2021 year is not the only year when the Alaska House of Representatives is split 20-20 between caucuses.
In 1963, the House had the same trouble organizing, and could not even elect a Speaker Pro Tem for a few days.
Notable members of that session included Warren Taylor, for whom the Taylor Gallery is named; Jay Hammond, who became governor; Joe Josephson, father of Rep. Andy Josephson; John Holm, father of former Rep. Jim Holm; and Carl Lottsfeldt, the grandfather of current lobbyist/political operative and MidnightSunAK blog publisher, Portland resident Jim Lottsfeldt.
SUMMARY OF ACTIONS – Convening/Organizing
- Secretary of State Hugh Wade swore in the membership of the new House.
- Warren Taylor-D and Jay Hammond-R were nominated as Pro Tem by their respective sides. Taylor, born in 1891 in Chehalis, Wash., had served as the first Speaker of the 1st Alaska Legislature. They were voted on by the body three times, failing each time 20/20.
- Following the three failures, a motion was made to propose a 3-member committee in an attempt to resolve the impasse. That failed 20/20.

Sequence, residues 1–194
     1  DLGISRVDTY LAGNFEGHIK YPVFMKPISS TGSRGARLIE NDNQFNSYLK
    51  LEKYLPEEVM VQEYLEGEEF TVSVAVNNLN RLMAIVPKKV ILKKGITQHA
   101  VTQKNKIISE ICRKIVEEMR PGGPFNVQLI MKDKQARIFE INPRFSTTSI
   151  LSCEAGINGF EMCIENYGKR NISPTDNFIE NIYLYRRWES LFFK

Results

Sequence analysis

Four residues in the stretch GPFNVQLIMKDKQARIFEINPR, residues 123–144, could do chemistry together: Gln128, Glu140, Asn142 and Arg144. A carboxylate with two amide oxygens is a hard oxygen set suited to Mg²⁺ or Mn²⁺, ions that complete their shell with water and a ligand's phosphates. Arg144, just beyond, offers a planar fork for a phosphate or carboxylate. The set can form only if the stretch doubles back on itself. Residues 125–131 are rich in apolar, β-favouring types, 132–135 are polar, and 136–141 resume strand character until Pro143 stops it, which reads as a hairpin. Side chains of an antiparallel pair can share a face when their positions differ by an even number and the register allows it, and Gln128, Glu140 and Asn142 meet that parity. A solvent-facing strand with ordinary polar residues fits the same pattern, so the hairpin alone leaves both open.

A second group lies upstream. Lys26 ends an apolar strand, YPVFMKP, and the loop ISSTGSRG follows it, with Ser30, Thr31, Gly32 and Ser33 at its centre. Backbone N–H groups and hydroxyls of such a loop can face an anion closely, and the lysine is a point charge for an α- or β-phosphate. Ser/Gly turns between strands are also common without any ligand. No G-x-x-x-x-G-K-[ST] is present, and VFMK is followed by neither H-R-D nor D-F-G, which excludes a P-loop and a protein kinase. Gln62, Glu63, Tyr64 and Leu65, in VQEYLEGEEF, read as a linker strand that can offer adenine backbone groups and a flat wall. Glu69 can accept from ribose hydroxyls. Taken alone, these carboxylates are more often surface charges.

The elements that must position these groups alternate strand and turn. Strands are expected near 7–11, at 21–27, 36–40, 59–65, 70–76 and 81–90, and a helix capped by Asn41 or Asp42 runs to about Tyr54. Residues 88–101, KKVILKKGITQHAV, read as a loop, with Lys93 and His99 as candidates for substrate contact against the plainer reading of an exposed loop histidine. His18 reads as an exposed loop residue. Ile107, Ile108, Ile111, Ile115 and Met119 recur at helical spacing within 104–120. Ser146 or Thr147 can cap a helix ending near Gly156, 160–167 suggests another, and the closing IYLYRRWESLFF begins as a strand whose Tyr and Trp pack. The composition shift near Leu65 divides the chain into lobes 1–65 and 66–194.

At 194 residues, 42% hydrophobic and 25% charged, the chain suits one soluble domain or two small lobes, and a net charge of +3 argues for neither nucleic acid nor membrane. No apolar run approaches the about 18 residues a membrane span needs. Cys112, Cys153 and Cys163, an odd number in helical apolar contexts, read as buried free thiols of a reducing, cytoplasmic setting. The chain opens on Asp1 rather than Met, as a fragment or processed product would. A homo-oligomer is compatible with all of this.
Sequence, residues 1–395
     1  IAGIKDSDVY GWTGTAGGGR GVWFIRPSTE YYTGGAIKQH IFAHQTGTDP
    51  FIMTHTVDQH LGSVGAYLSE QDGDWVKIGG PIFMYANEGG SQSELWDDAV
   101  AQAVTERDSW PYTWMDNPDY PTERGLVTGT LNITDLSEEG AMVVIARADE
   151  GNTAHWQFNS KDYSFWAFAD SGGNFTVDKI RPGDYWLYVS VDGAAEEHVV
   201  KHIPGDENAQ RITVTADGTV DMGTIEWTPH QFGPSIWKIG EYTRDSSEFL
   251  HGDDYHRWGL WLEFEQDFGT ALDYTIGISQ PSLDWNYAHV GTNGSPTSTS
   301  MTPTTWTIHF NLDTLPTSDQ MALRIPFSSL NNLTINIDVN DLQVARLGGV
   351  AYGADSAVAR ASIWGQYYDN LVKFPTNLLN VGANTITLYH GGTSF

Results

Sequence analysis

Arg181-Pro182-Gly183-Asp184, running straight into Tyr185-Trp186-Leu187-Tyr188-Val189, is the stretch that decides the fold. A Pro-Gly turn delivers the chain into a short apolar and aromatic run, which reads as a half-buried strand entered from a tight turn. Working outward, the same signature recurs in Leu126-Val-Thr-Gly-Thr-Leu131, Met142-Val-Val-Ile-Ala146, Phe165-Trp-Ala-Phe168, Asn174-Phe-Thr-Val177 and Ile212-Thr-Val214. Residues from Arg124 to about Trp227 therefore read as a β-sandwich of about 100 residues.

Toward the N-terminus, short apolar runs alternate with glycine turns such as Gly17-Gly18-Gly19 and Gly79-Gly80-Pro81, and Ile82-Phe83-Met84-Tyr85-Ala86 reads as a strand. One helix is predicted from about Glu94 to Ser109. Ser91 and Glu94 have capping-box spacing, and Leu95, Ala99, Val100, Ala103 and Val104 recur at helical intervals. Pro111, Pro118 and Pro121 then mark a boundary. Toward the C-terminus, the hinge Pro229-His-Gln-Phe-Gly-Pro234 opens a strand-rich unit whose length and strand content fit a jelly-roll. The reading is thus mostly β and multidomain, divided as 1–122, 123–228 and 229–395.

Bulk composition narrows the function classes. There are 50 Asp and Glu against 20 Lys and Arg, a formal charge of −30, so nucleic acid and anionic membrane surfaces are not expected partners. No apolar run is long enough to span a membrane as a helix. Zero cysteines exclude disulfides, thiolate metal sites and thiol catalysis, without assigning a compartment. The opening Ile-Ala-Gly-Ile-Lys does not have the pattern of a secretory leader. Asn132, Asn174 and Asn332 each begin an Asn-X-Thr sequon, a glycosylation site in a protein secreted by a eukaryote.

- Taylor and Hammond were voted down two more times for Pro Tem, 20/20
- Taylor nominated an alternate, Dora Sweeney for Democrats, but that vote failed, 20/20.
That was just Day 1. The House adjourned with no progress toward even getting a Speaker Pro Tem.
On Day 2, both sides nominated the same two candidates — Sweeney and Hammond, and that vote failed 20/20. The sides reverted to their original nominees, Taylor and Hammond, and that failed 20/20.
Taylor once again nominated Dora Sweeney. Along with Hammond, they both failed 20/20.
Over the next few days, the motions kept being made and failing, until Day 4, when an eight-member committee was appointed, with four members from each caucus. The committee was to propose a way to end the impasse. The committee was approved 21/19.
The joint/bipartisan committee met in the chambers, with staff, the press, and the public in attendance. The vote to allow the committee to use the chambers passed 38-2 with only Josephson and Lottsfeldt voting no.
The group came up with the following method for electing a Pro Tem, and then a Speaker:
- Each caucus was to nominate two members for Pro Tem and Speaker.
- Members were called up one at a time to the Clerk’s desk to cast a secret ballot.
- After the first round of voting, the lowest vote getter was eliminated from future rounds of voting.
- On the second round of voting, the top vote-getter was elected Pro Tem.
- Then the process was repeated to elect a Speaker.
- The eight-member committee proposed that whoever was elected Speaker, their party would be the majority.
- On Day 8 of the legislative session, Bruce Kendall of Anchorage, was elected Speaker. Kendall later changed his party registration to Democrat.
Read the House Journal from 1963 at this excerpt: